dot_matrix_synth by Paul Slocum
A 1985 Epson LQ-500 dot matrix printer turned into a musical instrument by reprogramming its EPROM. The author's band, Tree Wave, performs with the printer live - it prints patterns while playing music.
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Featured by Alessandro Ludovico.

Long before the orchestrations of the [The User] band and their symphony for dot matrix printers, in 1970 some engineers were able to extract melodies from a noisy printer. It was the IBM 1403 printer, from which were obtained 'covers' of famous classic tunes studying which characters the machine were needed to let it play a certain note and how many times to print them to have a note of a certain length. After some decades, dot matrix printers are still exploited as futuristic musical instruments, but with more sophisticated practices. Firmware hacking is one of them, which gives pretty good results to the courageous ones who do EPROM reprogramming, with the help of enough knowledge and luck. The act of transforming a machine, distorting the original intentions of its builder, becomes then possible, and the results are new functionalities which change its identity. Dot Matrix Synth is an idea conceived and put into practice reprogramming the firmware of an Epson LQ-500 dot matrix printer, made in 1985. Starting from the idea to build a lo-fi mellowtron, the author was possessed by the holy fire of discovery and succeeded in exploiting not only the printer head movements, but also those of the paper feeder and the beeps of the control panel, even through an added simple keyboard where each key corresponds to a musical piece which, while played, produces an image controlled by the rhythm of the music. So the mutated output gives a new personality to this hardware machines, such as a gender change that gives completely different perspectives.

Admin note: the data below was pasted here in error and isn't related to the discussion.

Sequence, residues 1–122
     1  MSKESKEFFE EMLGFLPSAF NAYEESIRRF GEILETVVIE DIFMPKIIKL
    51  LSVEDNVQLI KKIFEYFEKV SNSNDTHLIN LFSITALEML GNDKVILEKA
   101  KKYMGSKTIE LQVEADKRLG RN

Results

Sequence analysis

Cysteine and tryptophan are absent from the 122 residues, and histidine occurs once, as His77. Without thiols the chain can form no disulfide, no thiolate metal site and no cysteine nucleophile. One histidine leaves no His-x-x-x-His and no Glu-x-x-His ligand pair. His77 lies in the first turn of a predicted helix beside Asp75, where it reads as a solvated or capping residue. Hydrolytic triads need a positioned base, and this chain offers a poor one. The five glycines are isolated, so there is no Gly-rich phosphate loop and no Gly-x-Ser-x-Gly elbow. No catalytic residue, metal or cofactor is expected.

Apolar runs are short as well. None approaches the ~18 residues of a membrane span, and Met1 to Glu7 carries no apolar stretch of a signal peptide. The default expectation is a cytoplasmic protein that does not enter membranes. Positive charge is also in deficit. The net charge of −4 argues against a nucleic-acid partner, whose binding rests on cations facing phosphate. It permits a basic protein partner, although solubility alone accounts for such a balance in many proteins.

by admin, posted 14 Nov 2004

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